0.36

0.73

Neuroticism

3.07

0.95

0.86

0.39

2.21

Extroversion

3.82

0.88

0.83

0.31

2.68

Openness

3.63

0.79

0.73

0.30

2.43

Agreeableness

4.77

0.72

0.65

0.31

2.10

Conscientiousness

4.85

0.68

0.61

0.29

2.10

Married

0.82

0.39

0.35

0.15

2.31

Separated

0.00

0.06

0.04

0.04

1.06

Divorced

0.10

0.30

0.28

0.10

2.66

Widowed

0.05

0.21

0.17

0.12

1.44

Never married

0.04

0.20

0.20

0.02

11.56

Partly retired

0.11

0.31

0.21

0.23

0.93

Completely retired

0.25

0.43

0.25

0.35

0.72

Not retired

0.64

0.48

0.26

0.40

0.64

Unstandardised score presented. μ = mean, σ = standard deviation. N = 9,466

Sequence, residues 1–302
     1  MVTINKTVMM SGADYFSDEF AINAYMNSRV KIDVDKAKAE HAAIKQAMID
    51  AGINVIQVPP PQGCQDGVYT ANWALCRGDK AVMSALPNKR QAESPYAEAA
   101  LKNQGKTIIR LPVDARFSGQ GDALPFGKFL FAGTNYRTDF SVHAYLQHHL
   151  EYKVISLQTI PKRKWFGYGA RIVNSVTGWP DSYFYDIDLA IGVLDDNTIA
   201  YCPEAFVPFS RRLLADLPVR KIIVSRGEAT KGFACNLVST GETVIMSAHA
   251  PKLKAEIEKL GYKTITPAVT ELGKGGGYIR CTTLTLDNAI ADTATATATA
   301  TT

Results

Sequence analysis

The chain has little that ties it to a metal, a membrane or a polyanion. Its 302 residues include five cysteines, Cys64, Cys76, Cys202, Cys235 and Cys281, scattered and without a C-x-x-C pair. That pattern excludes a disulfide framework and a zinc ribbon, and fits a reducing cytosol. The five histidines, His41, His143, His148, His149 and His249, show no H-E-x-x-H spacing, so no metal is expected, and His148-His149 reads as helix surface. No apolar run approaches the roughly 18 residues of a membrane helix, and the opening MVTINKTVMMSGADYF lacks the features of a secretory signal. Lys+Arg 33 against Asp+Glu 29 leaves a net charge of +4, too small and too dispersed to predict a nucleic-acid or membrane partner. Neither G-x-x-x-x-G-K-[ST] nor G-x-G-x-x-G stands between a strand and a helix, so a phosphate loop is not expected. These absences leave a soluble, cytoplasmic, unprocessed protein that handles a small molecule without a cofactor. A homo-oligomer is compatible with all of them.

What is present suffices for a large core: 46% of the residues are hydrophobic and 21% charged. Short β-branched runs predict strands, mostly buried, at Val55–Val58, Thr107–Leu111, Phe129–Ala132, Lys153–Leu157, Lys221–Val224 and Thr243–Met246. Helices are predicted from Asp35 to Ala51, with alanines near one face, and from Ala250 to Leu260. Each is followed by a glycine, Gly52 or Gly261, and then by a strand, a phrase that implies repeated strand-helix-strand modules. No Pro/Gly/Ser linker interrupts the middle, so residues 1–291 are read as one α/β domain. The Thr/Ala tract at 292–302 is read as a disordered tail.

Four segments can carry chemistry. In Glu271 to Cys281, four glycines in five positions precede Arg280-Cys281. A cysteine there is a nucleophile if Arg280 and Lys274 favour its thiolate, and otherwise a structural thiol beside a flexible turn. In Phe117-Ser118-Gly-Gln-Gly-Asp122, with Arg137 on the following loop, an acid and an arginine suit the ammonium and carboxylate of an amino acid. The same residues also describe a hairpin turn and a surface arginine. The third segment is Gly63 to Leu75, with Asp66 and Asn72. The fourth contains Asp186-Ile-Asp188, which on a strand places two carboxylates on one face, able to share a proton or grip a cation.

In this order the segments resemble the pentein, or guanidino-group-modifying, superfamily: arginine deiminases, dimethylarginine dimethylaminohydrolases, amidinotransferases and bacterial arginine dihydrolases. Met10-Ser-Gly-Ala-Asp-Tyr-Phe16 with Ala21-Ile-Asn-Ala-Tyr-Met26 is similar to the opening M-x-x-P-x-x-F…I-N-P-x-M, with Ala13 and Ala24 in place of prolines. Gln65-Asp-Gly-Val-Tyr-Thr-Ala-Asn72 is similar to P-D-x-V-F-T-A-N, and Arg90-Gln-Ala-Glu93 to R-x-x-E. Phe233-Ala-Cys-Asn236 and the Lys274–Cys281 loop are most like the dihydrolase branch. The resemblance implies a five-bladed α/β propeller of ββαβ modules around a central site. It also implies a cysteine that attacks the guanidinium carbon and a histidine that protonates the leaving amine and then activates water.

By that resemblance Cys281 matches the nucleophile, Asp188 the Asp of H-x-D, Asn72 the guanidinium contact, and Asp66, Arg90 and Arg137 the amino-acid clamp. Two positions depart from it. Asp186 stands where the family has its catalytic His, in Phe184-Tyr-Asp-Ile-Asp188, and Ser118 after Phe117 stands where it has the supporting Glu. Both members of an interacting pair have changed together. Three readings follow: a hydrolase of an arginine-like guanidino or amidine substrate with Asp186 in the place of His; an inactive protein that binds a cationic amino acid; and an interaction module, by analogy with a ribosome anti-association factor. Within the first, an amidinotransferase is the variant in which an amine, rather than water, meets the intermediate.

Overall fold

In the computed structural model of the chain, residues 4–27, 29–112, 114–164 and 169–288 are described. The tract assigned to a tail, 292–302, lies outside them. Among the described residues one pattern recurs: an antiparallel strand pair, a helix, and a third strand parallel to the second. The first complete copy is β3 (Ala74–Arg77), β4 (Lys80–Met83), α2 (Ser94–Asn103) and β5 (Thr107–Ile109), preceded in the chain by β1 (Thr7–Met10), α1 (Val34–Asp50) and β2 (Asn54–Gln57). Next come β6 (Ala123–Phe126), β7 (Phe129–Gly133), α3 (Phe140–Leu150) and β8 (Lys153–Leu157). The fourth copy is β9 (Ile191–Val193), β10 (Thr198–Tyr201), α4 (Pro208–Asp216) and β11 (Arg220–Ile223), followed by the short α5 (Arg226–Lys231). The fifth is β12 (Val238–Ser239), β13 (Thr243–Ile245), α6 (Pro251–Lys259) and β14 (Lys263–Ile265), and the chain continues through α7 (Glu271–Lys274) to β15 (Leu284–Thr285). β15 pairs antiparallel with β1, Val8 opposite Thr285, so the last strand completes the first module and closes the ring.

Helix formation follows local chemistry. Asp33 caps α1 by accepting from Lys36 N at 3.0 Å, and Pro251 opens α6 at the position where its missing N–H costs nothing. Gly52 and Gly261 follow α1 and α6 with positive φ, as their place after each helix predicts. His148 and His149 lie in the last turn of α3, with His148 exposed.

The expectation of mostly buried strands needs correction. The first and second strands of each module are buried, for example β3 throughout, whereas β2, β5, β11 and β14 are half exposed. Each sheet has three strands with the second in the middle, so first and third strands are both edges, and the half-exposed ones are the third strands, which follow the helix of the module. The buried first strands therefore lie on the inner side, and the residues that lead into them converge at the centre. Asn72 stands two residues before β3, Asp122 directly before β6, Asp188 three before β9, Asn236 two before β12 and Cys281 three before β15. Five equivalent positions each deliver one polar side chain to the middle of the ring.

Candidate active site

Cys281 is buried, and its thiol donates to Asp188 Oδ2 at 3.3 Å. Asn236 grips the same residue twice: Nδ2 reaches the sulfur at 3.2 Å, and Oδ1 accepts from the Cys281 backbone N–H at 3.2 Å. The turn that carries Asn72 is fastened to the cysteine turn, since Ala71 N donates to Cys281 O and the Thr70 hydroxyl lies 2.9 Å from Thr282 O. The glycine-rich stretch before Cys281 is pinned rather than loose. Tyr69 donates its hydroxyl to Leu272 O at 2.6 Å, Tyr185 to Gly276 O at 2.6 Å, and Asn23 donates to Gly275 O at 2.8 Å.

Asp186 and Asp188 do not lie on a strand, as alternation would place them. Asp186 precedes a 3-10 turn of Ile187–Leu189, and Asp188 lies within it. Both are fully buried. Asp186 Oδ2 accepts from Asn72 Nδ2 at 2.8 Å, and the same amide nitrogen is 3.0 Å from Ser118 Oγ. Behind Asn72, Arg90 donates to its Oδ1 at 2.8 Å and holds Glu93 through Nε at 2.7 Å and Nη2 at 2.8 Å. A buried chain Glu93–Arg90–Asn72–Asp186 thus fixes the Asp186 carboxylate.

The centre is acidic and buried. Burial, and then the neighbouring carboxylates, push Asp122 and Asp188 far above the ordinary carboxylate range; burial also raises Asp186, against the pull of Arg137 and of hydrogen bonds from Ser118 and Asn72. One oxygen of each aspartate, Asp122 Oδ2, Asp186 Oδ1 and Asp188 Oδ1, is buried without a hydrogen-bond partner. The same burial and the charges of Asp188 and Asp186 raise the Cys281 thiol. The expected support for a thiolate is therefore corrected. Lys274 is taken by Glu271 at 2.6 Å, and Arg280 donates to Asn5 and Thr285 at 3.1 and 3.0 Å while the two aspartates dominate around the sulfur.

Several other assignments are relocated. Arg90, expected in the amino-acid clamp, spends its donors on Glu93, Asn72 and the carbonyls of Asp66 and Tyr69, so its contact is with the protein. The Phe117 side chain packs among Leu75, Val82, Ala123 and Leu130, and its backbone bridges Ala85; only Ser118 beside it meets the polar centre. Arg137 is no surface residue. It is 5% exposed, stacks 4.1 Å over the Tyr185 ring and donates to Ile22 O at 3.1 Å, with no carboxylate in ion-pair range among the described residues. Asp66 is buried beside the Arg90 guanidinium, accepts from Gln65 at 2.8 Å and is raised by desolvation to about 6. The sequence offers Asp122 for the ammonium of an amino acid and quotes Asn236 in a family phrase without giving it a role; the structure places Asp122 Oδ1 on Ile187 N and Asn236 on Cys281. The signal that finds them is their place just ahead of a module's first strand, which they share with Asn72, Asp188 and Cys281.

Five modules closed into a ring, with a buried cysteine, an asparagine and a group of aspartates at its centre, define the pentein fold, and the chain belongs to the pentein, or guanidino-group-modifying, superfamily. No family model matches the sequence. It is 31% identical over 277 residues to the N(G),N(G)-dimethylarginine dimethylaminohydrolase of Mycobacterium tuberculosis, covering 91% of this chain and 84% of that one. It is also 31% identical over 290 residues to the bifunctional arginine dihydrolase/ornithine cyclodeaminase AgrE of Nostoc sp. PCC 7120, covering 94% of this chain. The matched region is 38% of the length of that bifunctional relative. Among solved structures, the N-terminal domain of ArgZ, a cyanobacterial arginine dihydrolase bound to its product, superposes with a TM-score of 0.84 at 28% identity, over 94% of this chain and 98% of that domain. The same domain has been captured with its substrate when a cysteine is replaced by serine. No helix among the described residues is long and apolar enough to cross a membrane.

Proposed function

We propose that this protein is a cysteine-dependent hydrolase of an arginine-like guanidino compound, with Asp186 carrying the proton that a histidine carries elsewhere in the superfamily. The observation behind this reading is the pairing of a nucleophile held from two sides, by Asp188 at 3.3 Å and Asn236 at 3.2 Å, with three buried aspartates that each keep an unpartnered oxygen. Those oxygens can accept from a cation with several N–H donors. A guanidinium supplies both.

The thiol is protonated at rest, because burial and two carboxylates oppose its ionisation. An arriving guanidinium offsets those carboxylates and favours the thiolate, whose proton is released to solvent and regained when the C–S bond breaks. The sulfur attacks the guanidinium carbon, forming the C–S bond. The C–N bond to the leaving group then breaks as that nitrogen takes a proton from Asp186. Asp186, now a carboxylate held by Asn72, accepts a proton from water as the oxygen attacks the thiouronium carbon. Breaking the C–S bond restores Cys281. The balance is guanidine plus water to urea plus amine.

Next we examined whether changes in an individual’s personality, income, education, marital and physical health status was associated with change in their well-being. Personality and well-being scores were standardised across the entire population (to have a mean of 0 and standard deviation of 1) to facilitate interpretation of results. Difference scores were generated for each socioeconomic, well-being and personality variables, which represented the change in measure in that variable between Time 2 and Time 1 for each individual. For categorical variables, the difference in dummy variables was used such that an individual who was married at Time 1 but separated at Time 2 would have a value of ‘−1’ for the ‘married’ dummy variable, ‘1’ for the ‘separated’ dummy variable and ‘0’ for the remaining categories. Difference scores is the most efficient way to deal with unobserved confounders when using two panel data (Angrist and Pischke 2008; Rogosa and Willet 1983; Wooldridge 2003).